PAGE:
Graphics processing units (GPUs) have come a long way over the past few years. They're still used for processing complex graphics information on computers, especially for gaming, but now they're also being used for cryptocurrency mining, image processing for driverless cars tech, and for artificial intelligence (AI) data centers.

The explosion of use-cases for GPUs has helped spur on new growth from both Advanced Micro Devices (NASDAQ:AMD) and NVIDIA Corporation (NASDAQ:NVDA). But while both of these companies offer up competitive processors, NVIDIA looks like the better long-term buy between the two. Here's why.

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The case for Advanced Micro Devices

NVIDIA and AMD are the two key players in the GPU gaming market, and AMD has spent years trying to catch up to NVIDIA's market share in the discrete desktop segment. AMD ended 2017 with 33.7% of the discrete desktop GPU market, and NVIDIA gobbled up the rest. That's not all bad news for AMD considering that the company had 29.5% of the market the year before, but the year-over-year growth isn't quite good enough to unseat NVIDIA from its throne.

If we look at the broader GPU market (and not just discrete desktop GPUs), AMD looks like it has more of a fighting chance. In the first quarter of this year, the company benefited from an increase in GPU sales from cryptocurrency mining and sales of processors into workstations, which helped the company boost its overall GPU market share from 13.1% last year to its current 14.9%. NVIDIA still slightly outpaces the company with 18.4% of the market though.

Despite competition from NVIDIA, AMD's sales and earnings have managed to grow at a healthy clip. Sales in the most recent quarter were up 40% year over year to $1.65 billion, and the company bounced back from a net loss of $33 million in the year-ago quarter to positive net income of $121 million in the first quarter of this year. AMD's computer and graphics segment sales also jumped by 95% thanks to strong sales from the company's Radeon and Ryzen processors.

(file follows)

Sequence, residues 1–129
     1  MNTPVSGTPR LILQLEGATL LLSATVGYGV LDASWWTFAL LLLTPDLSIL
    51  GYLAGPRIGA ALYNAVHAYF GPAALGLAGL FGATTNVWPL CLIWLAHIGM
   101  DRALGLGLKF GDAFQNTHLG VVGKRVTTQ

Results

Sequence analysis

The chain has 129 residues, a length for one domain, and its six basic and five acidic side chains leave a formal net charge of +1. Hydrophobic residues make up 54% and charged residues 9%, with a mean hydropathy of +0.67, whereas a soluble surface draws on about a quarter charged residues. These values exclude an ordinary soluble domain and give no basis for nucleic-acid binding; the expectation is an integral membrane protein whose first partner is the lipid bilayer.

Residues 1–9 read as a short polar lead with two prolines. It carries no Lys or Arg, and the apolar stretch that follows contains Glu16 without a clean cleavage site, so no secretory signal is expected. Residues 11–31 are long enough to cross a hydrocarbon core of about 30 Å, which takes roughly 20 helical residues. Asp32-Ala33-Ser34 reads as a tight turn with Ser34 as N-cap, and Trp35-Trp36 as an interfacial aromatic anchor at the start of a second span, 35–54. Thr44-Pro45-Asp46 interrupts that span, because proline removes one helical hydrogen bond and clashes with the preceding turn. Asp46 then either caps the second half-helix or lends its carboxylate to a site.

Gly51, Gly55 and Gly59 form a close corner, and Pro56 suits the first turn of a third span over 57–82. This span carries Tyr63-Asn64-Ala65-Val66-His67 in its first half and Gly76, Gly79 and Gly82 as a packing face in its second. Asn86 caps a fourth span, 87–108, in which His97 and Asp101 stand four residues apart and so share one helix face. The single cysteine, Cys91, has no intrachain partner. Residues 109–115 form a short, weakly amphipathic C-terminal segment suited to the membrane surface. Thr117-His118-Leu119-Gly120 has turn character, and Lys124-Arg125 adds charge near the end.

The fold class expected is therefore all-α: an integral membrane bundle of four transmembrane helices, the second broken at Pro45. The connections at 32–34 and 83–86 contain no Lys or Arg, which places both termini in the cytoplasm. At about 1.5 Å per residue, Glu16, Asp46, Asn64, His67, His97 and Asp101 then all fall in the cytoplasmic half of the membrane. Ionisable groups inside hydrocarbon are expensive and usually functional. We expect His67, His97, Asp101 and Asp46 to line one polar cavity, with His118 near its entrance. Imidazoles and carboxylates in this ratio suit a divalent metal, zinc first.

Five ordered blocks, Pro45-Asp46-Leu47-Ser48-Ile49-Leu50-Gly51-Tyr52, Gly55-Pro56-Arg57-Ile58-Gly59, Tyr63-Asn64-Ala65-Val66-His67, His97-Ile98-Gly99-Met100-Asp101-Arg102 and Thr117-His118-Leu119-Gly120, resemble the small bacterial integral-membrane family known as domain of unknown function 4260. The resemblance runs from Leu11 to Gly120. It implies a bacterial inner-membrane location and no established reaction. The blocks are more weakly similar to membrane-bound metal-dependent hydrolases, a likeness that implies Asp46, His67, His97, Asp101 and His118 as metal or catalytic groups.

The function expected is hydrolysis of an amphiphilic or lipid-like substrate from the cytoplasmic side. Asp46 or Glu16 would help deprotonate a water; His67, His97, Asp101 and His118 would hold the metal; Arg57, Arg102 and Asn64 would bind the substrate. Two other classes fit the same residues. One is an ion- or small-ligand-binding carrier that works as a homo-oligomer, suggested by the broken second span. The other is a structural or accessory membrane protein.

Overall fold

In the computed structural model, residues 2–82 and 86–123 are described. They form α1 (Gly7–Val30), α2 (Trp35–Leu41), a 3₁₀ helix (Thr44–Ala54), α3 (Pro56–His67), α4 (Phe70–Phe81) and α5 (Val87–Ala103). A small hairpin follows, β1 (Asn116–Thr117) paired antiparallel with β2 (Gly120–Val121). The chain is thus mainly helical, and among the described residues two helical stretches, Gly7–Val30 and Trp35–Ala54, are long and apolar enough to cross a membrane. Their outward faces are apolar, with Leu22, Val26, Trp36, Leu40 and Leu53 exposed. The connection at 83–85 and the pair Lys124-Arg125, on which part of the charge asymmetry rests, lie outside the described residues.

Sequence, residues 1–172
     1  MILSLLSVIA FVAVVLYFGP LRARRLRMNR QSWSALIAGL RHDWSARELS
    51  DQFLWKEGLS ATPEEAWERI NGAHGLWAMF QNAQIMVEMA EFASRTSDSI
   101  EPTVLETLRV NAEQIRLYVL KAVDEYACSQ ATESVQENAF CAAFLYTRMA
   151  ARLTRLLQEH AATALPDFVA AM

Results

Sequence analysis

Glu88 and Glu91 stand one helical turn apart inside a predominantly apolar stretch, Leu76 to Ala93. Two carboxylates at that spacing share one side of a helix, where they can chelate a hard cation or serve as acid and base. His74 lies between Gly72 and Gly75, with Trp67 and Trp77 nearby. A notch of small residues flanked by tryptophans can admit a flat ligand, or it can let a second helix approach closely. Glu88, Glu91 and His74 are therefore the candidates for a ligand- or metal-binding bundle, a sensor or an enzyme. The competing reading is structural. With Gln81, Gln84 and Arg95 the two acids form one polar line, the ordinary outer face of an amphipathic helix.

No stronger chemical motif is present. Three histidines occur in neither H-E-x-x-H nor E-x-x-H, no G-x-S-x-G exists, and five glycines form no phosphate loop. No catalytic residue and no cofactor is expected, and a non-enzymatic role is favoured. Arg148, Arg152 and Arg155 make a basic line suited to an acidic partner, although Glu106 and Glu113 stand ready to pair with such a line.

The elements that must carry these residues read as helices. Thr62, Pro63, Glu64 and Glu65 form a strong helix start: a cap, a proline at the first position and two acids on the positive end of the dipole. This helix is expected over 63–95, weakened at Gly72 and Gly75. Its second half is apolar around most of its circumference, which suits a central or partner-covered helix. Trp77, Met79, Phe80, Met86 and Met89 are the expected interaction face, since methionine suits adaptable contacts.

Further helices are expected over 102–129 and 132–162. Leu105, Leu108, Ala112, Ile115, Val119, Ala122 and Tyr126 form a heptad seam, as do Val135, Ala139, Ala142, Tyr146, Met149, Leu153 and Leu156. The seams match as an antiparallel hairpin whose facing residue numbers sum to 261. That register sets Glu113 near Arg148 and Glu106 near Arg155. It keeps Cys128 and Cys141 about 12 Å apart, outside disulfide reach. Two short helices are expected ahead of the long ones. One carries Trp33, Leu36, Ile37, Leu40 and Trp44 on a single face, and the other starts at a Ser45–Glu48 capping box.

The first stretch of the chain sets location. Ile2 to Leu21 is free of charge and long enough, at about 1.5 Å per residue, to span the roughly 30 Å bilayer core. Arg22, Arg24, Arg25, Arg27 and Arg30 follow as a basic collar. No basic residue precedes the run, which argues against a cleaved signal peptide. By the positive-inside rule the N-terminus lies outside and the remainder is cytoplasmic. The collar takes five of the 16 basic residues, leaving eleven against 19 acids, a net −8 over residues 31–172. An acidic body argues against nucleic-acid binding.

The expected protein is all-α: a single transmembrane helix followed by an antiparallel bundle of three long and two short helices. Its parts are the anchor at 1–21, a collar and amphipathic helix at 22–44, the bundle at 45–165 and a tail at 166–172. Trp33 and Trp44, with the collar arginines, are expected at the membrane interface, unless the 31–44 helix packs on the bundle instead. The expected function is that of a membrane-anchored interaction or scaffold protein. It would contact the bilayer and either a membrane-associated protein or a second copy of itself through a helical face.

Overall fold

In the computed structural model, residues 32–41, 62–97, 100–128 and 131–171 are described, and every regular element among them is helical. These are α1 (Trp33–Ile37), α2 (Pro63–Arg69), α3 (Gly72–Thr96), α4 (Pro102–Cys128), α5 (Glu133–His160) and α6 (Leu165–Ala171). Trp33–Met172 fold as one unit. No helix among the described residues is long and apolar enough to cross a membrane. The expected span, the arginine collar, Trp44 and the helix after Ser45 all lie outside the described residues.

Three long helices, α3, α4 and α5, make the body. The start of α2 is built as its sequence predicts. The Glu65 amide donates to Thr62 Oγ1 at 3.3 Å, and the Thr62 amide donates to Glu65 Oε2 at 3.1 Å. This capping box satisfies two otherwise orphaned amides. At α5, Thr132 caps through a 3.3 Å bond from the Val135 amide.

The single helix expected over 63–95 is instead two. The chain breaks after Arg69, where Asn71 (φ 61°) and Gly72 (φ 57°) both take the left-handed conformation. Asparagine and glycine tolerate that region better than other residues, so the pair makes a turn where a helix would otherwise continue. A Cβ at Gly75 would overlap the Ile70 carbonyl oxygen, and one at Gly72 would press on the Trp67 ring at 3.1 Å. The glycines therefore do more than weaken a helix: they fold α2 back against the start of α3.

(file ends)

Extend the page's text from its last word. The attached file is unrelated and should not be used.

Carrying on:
AMD's share price gains have fallen short of the S&P 500 over the past year and its shares trade for about 25 times the company's forward earnings, which is below the semiconductor industry's trailing average of about 43 times earnings.

The case for NVIDIA

I'm not going to rehash NVIDIA's GPU advantage in this section since it's already clear that it holds the lead over AMD. But it is worth pointing out that NVIDIA still relies on GPU sales in the gaming market for most of its revenue. In the first quarter of fiscal 2019, NVIDIA earned about 66% of its top line from its gaming sales. NVIDIA's gaming segment is as strong as ever, and revenue climbed nearly 60% in the quarter. So not only is NVIDIA outpacing AMD in the GPU space, but the company is also using that advantage to grow its top line from its largest revenue segment.

But what investors should really pay attention to when comparing these two companies are the opportunities that NVIDIA's tapping into, which AMD appears to be missing out on. Yes, both companies have taken advantage of the cryptocurrency mining trend, but NVIDIA is also forging ahead in the driverless car space and in artificial intelligence (AI) as well.

Specifically, NVIDIA's Drive PX computer helps semi-autonomous vehicles process complex image information in real-time (so that the vehicles can essentially see objects around them). NVIDIA's latest version of Drive PX, called Pegasus, will enable automotive companies to release fully self-driving vehicles in the next few years, according to the company. This tech only contributes about 5% to NVIDIA's top line right now, but management believes that the company's total addressable market in driverless cars will be $60 billion by 2035.

Additionally, NVIDIA has delved head-first in the AI market by selling its GPUs to some of the biggest tech companies in the world to power some of their data centers. AI sometimes takes a backseat to all of the driverless car news surrounding NVIDIA, but potential investors should consider that NVIDIA believes its total addressable market for AI will reach about $40 billion over the next decade.

NVIDIA's shares trade at about 30 times the company's forward earnings, which is more expensive than AMD's but still below the semiconductor industry's average. With NVIDIA's opportunities in AI and driverless cars, along with the company's stable and growing gaming GPU business, I think this company is still a very solid buy for long-term investors.

The verdict

I think it's pretty clear that NVIDIA is the better long-term buy over AMD. I don't believe that AMD is a terrible company, and it's clearly doing some things right, but I don't think the company has taken its GPU technology and applied it to new markets as well as NVIDIA has. For that reason, and because NVIDIA already has a clear advantage over AMD in several markets, I have to give the win to NVIDIA.

Chris Neiger has no position in any of the stocks mentioned. The Motley Fool owns shares of and recommends Nvidia. The Motley Fool has a disclosure policy.